How to Get Full Custody of a Child
Obtaining full custody of a child can be rather challenging in Texas family courts. This is because it is assumed that joint custody is generally most beneficial to the children. Whether you are getting a divorce or are divorced and need a modification to obtain full custody, it is highly advisable that you work with a Conroe child custody attorney who understands the process.
Joint Custody and Conservatorship
As your Conroe child custody attorney will tell you, the term “conservator” refers to a parent who holds at least partial custody rights to a child. A managing conservator is the one with whom the child lives most of the time, and who has a primary role in raising him or her. A possessory conservator is a parent who either has visitation rights. Texas courts always hold as the priority what is in the best interests of any children in a divorce. Because children naturally form a strong bond with both parents, it is assumed that joint custody is best.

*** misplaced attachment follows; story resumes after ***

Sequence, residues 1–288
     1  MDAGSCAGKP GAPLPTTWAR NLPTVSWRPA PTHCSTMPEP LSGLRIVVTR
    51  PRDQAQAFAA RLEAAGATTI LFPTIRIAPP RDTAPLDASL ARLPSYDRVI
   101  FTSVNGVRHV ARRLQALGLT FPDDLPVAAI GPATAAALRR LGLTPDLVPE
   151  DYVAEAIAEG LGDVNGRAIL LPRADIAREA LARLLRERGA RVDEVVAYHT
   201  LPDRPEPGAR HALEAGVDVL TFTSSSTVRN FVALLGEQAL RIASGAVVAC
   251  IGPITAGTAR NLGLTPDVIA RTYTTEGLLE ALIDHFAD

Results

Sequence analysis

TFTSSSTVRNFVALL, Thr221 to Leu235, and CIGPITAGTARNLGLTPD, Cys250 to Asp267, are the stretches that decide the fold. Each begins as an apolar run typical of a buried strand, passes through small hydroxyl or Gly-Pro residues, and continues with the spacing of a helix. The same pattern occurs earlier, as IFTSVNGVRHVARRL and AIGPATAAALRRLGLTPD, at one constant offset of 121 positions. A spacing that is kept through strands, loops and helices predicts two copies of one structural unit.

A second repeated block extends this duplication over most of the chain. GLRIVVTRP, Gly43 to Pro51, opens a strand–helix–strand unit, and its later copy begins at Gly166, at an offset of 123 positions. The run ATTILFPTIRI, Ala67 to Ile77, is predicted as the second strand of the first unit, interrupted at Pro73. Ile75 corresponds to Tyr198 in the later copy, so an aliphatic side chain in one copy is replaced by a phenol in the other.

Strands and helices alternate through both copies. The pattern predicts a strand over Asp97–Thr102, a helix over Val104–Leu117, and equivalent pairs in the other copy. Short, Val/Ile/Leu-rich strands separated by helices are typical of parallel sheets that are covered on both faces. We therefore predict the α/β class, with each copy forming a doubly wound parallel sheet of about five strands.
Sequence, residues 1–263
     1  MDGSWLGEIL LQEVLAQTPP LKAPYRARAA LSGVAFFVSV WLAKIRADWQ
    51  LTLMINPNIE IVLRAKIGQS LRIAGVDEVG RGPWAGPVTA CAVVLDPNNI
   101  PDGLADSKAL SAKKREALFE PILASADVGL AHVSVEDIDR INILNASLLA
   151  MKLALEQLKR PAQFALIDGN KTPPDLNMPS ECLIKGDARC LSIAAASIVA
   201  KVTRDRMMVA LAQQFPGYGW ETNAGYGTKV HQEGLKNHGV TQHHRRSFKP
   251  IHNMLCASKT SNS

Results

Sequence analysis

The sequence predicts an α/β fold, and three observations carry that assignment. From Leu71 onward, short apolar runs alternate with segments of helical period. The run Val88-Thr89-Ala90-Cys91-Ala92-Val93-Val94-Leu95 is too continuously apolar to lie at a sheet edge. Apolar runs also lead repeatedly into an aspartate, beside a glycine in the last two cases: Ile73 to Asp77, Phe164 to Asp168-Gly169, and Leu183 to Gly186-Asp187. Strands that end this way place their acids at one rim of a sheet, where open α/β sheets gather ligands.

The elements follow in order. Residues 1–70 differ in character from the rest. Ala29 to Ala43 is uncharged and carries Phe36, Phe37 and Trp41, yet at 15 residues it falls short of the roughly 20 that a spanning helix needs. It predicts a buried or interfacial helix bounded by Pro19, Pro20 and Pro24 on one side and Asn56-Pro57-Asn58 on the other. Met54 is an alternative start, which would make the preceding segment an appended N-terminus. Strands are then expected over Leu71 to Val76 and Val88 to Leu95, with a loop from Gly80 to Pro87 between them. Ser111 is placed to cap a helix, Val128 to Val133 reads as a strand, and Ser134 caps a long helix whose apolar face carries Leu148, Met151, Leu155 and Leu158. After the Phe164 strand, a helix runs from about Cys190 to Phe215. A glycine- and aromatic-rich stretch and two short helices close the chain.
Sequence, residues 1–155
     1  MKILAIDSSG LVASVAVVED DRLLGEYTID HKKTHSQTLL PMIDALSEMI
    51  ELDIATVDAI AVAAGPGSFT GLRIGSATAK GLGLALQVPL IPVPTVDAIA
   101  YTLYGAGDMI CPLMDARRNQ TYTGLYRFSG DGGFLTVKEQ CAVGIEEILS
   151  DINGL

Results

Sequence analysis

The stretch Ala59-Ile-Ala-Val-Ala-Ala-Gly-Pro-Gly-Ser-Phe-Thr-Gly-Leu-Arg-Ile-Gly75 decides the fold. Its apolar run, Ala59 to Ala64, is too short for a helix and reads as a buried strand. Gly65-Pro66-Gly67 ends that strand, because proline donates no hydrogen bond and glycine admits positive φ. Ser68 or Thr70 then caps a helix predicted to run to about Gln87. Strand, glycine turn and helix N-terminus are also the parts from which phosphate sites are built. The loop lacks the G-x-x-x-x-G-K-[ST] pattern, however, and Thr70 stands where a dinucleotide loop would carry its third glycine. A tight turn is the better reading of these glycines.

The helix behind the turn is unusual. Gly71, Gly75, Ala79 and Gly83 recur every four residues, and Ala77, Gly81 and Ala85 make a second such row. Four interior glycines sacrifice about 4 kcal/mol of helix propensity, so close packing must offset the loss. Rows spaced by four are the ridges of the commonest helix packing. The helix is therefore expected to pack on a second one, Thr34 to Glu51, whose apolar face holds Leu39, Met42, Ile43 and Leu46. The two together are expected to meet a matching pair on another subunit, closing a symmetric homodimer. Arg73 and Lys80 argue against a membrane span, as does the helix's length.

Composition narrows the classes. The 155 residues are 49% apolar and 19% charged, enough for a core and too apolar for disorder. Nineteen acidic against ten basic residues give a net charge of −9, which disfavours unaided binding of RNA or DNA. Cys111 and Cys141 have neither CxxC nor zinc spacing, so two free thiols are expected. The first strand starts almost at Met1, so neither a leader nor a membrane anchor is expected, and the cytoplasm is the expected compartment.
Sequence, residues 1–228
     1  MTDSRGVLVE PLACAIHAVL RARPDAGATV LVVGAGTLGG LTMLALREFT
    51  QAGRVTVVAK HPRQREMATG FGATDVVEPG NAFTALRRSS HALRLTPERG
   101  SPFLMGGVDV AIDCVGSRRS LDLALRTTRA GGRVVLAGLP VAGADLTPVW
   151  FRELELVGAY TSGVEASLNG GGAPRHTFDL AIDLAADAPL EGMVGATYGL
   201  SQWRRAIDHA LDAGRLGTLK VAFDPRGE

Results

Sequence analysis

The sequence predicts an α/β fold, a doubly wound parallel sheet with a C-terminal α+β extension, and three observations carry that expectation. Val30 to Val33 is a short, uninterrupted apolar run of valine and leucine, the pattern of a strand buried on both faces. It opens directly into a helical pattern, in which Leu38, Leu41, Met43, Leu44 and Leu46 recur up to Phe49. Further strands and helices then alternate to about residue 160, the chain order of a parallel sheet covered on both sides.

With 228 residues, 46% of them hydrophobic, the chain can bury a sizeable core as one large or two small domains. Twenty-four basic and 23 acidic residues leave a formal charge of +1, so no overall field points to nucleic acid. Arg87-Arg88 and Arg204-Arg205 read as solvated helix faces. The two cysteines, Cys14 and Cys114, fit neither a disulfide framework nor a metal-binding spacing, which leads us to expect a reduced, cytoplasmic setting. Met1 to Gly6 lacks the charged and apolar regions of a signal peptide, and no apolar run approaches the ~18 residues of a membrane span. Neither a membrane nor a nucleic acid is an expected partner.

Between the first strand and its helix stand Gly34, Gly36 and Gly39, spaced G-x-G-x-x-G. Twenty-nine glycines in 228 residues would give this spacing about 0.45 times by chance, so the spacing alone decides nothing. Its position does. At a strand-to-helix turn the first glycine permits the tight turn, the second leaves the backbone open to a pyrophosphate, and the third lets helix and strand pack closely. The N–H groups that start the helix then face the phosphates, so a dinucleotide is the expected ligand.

Arguing for Full Custody
If you wish to obtain full custody of the children, it is incumbent upon you to show why the other parent should not retain joint custody. In other words, the burden of proof is on you. Your Conroe child custody attorney will help you bring this argument, but it needs to be on grounds for which you have credible evidence. Among the reasons allowed in the Texas Family Code are:
- Child abuse
- Child neglect
- Absent parent
- Domestic violence
You may have another compelling reason, but again, you must prove your allegations. For instance, if the father is a drunkard and becomes violent when drinking, clearly he isn't fit for assuming custody. Even so, you will need to bring evidence of his drinking and tendency toward violence. The judge will listen to your argument provided it is logical and backed by evidence.